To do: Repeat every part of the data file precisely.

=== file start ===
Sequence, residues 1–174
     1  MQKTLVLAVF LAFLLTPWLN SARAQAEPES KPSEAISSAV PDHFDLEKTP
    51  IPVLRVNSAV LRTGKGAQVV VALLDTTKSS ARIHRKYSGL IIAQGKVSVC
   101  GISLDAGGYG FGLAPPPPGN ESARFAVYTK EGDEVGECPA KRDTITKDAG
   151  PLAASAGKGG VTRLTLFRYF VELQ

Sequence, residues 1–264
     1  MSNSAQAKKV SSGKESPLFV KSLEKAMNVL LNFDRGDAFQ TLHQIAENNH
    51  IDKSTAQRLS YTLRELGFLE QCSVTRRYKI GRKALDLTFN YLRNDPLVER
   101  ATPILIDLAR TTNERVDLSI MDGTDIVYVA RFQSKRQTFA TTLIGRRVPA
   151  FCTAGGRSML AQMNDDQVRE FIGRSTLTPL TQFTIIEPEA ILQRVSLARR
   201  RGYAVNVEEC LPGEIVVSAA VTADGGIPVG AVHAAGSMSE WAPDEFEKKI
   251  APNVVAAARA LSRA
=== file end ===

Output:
Sequence, residues 1–174
     1  MQKTLVLAVF LAFLLTPWLN SARAQAEPES KPSEAISSAV PDHFDLEKTP
    51  IPVLRVNSAV LRTGKGAQVV VALLDTTKSS ARIHRKYSGL IIAQGKVSVC
   101  GISLDAGGYG FGLAPPPPGN ESARFAVYTK EGDEVGECPA KRDTITKDAG
   151  PLAASAGKGG VTRLTLFRYF VELQ

Sequence, residues 1–264
     1  MSNSAQAKKV SSGKESPLFV KSLEKAMNVL LNFDRGDAFQ TLHQIAENNH
    51  IDKSTAQRLS YTLRELGFLE QCSVTRRYKI GRKALDLTFN YLRNDPLVER
   101  ATPILIDLAR TTNERVDLSI MDGTDIVYVA RFQSKRQTFA TTLIGRRVPA
   151  FCTAGGRSML AQMNDDQVRE FIGRSTLTPL TQFTIIEPEA ILQRVSLARR
   201  RGYAVNVEEC LPGEIVVSAA VTADGGIPVG AVHAAGSMSE WAPDEFEKKI
   251  APNVVAAARA LSRA